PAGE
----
Why is it so hard for me to let my kids enjoy life at their own pace?

“Whaddya doing Max?” a father shouted at his son. “We came here to go on the water slides! We’re going on the water slides! C’mon!”

The little boy, who was more interested in climbing on the rock wall, reluctantly followed his father.

I watched them get in line.

From the top of the stairs the view was expansive; the sky blue, the sun hot, the water in the slides the perfect temperature. I couldn’t imagine a more enjoyable activity for a Friday afternoon in June.

But the man’s impatient words were disconcertingly familiar.

They reminded me of my father-in-law.

They reminded me of myself.

When we lived in Massachusetts every year a fair would come to the Amherst Commons. It was sleezy and thrilling, with tattooed attendants and rickety rides.

One year James’s dad was visiting the same weekend as the fair.

He strode onto the Commons and bought a packet of tickets.

My girls, ages two and three, clambered onto the carousel. They held onto their horses with white knuckled grips, their mouths open in wide-eyed delight.

After the ride the girls lingered to watch contestants try to make it to the top of the climbing wall on the side of a truck.

“C’mon,” my father-in-law motioned, putting his hands on their backs and herding them away. Then he walked in front of them.

“Hurry up,” he called impatiently over his shoulder. “We’ve got to go on the next ride!”

Hurry up?

To the next ride?

Better go as quickly as you to the electric choo choo train! Come on kids! Why are you dawdling?!

James has unhappy memories of being rushed as a child. So do I. When we talked about it later it was easy for James and me to both to feel indignant: When you take your kids somewhere to have kid fun, why badger them to hurry up?

But what’s harder to admit is that I’m guilty too.

I find myself hurrying my kids for no reason, getting impatient when we’re not in a hurry, wanting them to be at the park so they can swing on the swings instead of sitting on a park bench near the playground because that’s what they want to do.

Hurry becomes a habit.

So does scolding.

Even when there’s nothing to be late for, even when no one’s done anything wrong.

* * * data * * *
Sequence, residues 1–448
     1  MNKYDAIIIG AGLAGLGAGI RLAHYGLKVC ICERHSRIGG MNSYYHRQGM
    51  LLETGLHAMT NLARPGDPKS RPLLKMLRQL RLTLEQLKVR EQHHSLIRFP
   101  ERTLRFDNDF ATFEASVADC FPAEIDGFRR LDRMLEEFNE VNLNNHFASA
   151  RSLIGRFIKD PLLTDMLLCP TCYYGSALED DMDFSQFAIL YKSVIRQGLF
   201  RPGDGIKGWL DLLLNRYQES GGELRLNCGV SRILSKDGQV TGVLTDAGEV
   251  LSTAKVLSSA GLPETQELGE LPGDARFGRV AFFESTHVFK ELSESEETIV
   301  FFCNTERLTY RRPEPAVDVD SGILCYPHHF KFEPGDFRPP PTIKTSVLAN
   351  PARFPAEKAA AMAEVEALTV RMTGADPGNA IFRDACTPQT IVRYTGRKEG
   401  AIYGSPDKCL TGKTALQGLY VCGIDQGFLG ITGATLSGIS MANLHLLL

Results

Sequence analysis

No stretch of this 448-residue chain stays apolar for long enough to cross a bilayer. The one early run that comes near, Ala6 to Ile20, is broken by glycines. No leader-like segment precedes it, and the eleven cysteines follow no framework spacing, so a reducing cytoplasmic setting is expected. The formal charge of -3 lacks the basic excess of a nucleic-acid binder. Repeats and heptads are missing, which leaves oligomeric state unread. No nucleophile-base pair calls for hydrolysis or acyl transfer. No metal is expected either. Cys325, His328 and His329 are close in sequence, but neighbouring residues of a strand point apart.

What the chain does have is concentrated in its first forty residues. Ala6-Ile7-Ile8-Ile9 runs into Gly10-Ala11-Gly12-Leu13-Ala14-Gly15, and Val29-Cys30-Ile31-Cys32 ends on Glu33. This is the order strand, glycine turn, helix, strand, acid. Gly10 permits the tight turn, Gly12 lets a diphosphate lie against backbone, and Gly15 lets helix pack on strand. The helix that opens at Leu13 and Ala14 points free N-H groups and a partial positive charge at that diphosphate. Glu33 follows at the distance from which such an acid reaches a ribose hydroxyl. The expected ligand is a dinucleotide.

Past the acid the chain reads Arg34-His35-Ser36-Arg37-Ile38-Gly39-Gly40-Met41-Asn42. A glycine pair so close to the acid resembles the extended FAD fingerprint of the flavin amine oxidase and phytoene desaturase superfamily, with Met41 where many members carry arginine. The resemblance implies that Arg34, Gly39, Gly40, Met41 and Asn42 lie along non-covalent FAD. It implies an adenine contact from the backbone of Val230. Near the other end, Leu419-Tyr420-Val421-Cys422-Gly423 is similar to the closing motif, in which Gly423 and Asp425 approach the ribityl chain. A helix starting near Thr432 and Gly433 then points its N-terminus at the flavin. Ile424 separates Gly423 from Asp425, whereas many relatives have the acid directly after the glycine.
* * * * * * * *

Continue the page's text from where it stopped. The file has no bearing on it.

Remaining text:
Why do we take our children out to do something “fun” and then try to control what they do and make them do it faster?

What harm is there in climbing the rock wall before going on the water slides or lingering at the fair?

It’s so hard for me to turn off the automatic pilot. To stop hurrying. To stop stressing. To slow down. To let my children jump off the stoop 35 times when we really came to go to the museum or let them stop and run their fingers in the sidewalk cracks when we’re supposed to be on our way to the park.

When my oldest daughter was two she received a large, nicely wrapped gift.

“Rainbows!” she cried fascinated by the colorful ribbons taped to the wrapping paper, so absorbed in them that she was uninterested the present inside.

Instead of letting her enjoy what she was interested in the most, I opened the box of hand painted wooden alphabet blocks and tried to draw her attention away from the ribbons (which she loved them so much she brought to bed with her).

I wish that man hadn’t yelled at his son at the water slides.

I wish my father-in-law could have let the girls linger wherever they wanted to at that fair.

And I wish I could go back in time and have Hesperus open that present again. If I could, I would let her enjoy her present in her own way, on her own time.

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  1. I think we all have back-in-time moments. Today because I got sucked into email, I left the house late and missed the first 5 minutes of the magic show that my kid had at the end of a week long science camp. Unfortunately, her trick was first and I missed it. Her eyes were red when I showed up. The teachers let her do her trick at the end so I could see it, but I still wish I had a do-over.

    I think these moments are inevitable in life. And I think we as parents are harder on ourselves than the kids are on us. I felt horrible about the magic show all day long. In the end I ended up being a better mom because of the guilt–giving my kid a lot more attention than usual. Right after the magic show I told her that I got an F for the day, and she told me it wasn’t that bad. That it was really a C. By the end of the day she gave me an A.

    At any rate, I know I tend to rush or attempt to change her attention when I’m either grumpy or in need of a mental break. Certain activities allow a grown up to zone out more than others. Sometimes it’s just habit. Sometimes you really do need to chop chop for a good reason.
    Alisa Bowman recently posted…5 More Habits that Hurt Your MarriageMy Profile

  2. merr

    Such an honest post. I have a book by Melody Beattie called The Language of Letting Go. It’s a daily reader, and it seems to provide exactly the perfect reminder for why it’s important to let go.